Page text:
Composting class

Master Gardener Ray Machovsky, left, explains the different kinds of composting, during a Harker Heights Parks and Recreation gardening series class Monday.

Bell County Master Gardeners hosted a free presentation about composting at Harker Heights Activities Center on Monday.

Master Gardener Ray Machovsky taught the importance of composting as a natural process that decomposes organic wastes into nutrient rich soil to an audience of 18 people.

“We can solve lots of money and landfill problems by taking stuff we normally throw in the trash and putting it into a compost pile,” Machovsky said. “You’ll increase soil water absorption, and help get air to the roots so they can breathe.”

Yard waste, grass clippings, kitchen scraps, rotting manure and even paper can be used in compost piles. Milk products, meat, lard, peanut butter, vegetable oils and bones are materials gardeners should not compost, Machovsky said, as they attract animals and can potentially gum up the compost. Worms, microbes and insects will help break down whatever green or brown matter into usable dirt.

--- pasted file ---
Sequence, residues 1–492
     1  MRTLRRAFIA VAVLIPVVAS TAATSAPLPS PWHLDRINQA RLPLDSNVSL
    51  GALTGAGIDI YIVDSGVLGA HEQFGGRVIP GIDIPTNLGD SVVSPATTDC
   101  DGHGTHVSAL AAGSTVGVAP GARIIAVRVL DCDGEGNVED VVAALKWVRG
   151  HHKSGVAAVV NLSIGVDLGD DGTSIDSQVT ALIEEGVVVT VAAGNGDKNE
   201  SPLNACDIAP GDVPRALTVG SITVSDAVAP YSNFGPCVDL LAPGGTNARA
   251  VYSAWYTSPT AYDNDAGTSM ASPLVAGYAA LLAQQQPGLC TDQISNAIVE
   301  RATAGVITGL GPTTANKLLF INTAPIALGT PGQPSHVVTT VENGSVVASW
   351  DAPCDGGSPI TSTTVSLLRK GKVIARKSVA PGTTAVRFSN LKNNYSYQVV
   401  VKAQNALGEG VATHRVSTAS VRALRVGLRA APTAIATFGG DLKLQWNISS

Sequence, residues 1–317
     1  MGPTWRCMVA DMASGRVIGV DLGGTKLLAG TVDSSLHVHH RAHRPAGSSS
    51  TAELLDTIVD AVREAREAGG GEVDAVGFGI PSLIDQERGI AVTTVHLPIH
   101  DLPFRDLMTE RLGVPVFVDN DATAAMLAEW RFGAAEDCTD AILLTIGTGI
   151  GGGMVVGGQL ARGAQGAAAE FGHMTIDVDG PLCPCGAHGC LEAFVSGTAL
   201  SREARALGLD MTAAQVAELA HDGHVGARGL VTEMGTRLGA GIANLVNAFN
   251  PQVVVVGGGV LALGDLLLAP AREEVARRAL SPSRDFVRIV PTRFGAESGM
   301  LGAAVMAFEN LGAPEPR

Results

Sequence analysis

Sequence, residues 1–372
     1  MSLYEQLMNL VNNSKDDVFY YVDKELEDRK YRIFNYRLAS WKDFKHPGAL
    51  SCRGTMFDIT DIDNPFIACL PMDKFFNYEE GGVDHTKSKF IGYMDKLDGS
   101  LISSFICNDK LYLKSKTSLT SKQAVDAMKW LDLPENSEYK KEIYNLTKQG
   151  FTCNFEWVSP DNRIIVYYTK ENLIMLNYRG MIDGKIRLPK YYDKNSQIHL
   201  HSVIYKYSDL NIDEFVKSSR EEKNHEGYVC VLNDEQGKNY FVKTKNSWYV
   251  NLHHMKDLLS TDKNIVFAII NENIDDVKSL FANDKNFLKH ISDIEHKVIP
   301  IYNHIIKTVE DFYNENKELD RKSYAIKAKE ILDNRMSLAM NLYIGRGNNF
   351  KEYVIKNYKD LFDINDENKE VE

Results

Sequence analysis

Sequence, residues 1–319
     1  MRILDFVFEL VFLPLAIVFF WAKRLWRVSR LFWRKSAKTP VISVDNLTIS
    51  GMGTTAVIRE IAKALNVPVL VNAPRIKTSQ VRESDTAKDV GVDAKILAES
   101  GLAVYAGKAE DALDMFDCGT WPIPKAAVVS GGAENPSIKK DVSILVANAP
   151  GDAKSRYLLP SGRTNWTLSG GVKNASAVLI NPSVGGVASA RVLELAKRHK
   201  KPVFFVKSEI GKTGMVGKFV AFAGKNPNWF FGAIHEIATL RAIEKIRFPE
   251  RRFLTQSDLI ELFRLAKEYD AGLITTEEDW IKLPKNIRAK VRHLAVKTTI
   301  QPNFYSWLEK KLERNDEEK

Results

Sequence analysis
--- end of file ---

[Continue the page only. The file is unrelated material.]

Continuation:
The lecture weighed pros and cons of hot pile composting versus cold pile composting. Success comes with frequent turning — every three days, if possible — regardless of method.

Machovsky discussed composter construction, worm composting, troubleshooting unsuccessful compost and location.

“The best location for your compost pile will have full sun and good drainage,” he said. “But don’t put it under a tree or next to your shed.”

Find free materials

Several attendees suggested unexpected sources for gardeners to get free compost starter and supplementary materials, such as damaged wood shaving bales from Tractor Supply Company and used coffee grounds from a local coffee shop. Others weighed in about using wood ash from the fireplace.

“We already have alkaline soil in Central Texas, so use it sparingly if you do,” said Killeen resident Lisa Spann.

Nolanville resident Irene Andrews shared an anecdote about her gardening experiences working with Central Texas soil.

“I ran for office last year and I told everybody I want to do composting citywide,” she said. “I want to do victory gardens.”

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